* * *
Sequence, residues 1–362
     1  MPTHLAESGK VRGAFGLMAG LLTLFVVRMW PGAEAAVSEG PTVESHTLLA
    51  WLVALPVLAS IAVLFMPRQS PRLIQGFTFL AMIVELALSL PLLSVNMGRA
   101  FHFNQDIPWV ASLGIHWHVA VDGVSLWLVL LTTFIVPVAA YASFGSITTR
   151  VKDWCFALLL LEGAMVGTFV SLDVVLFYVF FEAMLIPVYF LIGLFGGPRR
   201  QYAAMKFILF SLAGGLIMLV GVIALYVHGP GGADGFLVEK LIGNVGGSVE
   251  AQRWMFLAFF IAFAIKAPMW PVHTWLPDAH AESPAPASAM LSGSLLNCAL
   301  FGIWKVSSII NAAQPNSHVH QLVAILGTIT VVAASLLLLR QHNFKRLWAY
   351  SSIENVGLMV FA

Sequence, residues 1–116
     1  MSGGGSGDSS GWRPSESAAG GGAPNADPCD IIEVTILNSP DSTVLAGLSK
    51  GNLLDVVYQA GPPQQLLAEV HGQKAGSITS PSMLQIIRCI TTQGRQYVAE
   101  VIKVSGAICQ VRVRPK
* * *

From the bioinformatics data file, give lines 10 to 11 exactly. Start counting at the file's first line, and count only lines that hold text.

Sequence, residues 1–116
     1  MSGGGSGDSS GWRPSESAAG GGAPNADPCD IIEVTILNSP DSTVLAGLSK